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"You were no longer giving money away. To get money, you had to have a real good reason. The funding formulas became more equal throughout the state. Money didn't just go to Detroit, Saginaw or Bay City anymore. Detroit simply lost political power, and so did metro Detroit as part of that."
Special taxing ability in Detroit, such as a special tax on utilities, were granted to the city in legislation referring to its population because laws that refer to specific cities require a two-thirds vote in the legislature. While those laws have been updated to reflect the population changes, other funding formulas, such as road funding, is based in part on population alone. Amending those funding formulas or city-specific laws is often difficult, if not impossible.
Former Michigan Governor John Engler, who served from 1991 to 2003, disagrees with the notion that metro Detroit or southeast Michigan has lost its political sway in Lansing.
"Detroit lost influence because of lost population and because of failed government and failed schools, and nobody wanted to live in Detroit anymore, so they moved out. But the metro region of Macomb and Oakland, and the old SEMCOG (Southeast Michigan Council of Governments) going out to Livingston County has done pretty well," Engler said. "I think what matters in the legislature is the quality of the men and women elected, and who is taking on leadership roles."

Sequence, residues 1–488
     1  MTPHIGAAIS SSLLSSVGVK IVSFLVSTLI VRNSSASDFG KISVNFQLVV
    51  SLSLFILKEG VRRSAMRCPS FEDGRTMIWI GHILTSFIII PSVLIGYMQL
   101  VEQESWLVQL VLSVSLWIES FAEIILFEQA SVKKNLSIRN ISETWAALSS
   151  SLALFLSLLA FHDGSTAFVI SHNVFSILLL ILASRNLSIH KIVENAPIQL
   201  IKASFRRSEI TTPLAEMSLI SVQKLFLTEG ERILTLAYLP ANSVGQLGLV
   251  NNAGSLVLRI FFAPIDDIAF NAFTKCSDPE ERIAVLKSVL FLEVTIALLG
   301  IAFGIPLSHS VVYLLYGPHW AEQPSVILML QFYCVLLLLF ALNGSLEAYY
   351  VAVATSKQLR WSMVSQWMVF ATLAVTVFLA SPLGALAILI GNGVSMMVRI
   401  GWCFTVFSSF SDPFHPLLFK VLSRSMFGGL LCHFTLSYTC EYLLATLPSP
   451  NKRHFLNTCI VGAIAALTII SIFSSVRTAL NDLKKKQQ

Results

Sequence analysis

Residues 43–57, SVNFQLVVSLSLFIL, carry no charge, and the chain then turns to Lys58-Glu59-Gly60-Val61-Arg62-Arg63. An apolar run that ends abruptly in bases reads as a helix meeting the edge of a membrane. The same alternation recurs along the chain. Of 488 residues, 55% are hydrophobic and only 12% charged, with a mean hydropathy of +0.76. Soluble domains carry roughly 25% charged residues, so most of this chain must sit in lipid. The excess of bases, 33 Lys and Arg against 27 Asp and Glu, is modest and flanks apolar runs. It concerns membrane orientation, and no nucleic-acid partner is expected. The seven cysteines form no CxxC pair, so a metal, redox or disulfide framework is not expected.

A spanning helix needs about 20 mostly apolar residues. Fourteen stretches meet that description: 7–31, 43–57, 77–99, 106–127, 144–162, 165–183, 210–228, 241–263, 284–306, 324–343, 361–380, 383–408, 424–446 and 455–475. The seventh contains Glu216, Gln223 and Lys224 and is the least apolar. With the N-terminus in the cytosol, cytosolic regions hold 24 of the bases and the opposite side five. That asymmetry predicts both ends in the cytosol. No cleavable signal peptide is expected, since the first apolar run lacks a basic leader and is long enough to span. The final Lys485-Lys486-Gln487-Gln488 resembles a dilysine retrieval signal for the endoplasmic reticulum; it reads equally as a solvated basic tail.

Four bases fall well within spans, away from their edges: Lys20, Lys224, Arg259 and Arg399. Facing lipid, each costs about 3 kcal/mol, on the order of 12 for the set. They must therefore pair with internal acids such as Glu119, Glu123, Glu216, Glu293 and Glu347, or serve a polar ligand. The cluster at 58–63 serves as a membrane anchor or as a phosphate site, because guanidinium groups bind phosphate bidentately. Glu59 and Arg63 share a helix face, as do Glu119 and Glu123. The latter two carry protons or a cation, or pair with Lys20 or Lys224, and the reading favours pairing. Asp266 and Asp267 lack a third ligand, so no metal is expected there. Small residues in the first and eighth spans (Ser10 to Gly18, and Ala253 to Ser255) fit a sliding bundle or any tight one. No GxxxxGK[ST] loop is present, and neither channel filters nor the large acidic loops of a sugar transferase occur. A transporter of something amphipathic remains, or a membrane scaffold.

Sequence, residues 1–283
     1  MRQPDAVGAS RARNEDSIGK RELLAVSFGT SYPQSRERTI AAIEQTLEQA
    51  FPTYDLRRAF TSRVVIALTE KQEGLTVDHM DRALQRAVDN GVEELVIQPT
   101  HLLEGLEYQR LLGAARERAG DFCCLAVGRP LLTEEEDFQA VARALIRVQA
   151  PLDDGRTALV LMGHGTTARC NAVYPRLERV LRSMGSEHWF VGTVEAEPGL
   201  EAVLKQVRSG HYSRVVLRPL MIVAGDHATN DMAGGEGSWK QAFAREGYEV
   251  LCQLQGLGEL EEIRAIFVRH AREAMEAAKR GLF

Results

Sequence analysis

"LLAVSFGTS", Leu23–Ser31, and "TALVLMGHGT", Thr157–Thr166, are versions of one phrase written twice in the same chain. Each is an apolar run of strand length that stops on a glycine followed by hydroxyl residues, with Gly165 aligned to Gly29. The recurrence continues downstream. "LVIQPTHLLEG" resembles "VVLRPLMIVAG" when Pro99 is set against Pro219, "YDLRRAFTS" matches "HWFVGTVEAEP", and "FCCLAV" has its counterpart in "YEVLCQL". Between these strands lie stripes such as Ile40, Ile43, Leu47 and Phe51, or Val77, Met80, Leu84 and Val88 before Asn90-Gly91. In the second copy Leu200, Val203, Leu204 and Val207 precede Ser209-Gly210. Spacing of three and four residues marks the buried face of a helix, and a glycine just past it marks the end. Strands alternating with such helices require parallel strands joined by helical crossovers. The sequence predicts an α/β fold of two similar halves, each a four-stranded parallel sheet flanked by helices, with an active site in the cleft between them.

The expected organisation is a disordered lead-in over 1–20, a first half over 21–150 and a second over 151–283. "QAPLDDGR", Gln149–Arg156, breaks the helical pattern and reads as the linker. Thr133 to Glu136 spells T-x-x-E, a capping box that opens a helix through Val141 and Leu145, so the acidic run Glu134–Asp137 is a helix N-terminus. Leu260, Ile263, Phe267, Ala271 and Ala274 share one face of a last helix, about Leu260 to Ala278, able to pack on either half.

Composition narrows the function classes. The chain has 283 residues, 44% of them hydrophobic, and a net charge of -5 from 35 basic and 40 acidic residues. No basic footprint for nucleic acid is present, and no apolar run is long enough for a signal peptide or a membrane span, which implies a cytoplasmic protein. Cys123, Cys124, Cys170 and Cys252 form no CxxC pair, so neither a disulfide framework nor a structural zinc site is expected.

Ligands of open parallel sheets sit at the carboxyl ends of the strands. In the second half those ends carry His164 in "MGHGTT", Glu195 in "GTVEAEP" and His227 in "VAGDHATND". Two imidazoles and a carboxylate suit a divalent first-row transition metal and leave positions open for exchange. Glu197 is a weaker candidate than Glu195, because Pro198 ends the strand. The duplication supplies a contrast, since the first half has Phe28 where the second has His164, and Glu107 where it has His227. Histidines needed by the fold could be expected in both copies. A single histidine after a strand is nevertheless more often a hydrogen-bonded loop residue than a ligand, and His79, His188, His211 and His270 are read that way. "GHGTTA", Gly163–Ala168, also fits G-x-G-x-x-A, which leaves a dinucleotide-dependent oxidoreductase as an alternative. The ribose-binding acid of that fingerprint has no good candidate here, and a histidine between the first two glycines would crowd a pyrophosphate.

Recalling past leaders in the legislature, the fact that there hasn't been a governor from the west side of the state in recent years, Engler said there isn't any evidence that the state's political power rests in any specific geographic area, despite the perception that west Michigan areas like Grand Rapids, Holland and other areas in Kent and Ottawa County are steering the state government.
"Some of that perception is because west Michigan has been politically, very active," he said, referring to special interest money coming from the area. "There is a great deal of political activism in west Michigan, and sometimes people look at that and say that's where the power is shifted. That is easily remedied by the people in southeast Michigan, and I would assert that since Ron Weiser came in, there is a balance back."
Weiser, an Ann Arbor native, founded McKinley Associates, a national real estate investment company and is the current chair of the Michigan Republican Party. In 2016, Weiser was elected to the University of Michigan Board of Regents after contributing more than $600,000 into his own campaign. He also contributed $250,000 to the Michigan Republican Party, making him and his family the second largest campaign donors in the state in the 2014-15 election cycle in terms of money spent on elections in the state, according to a recent report by the Michigan Campaign Finance Network. ...continued on page 6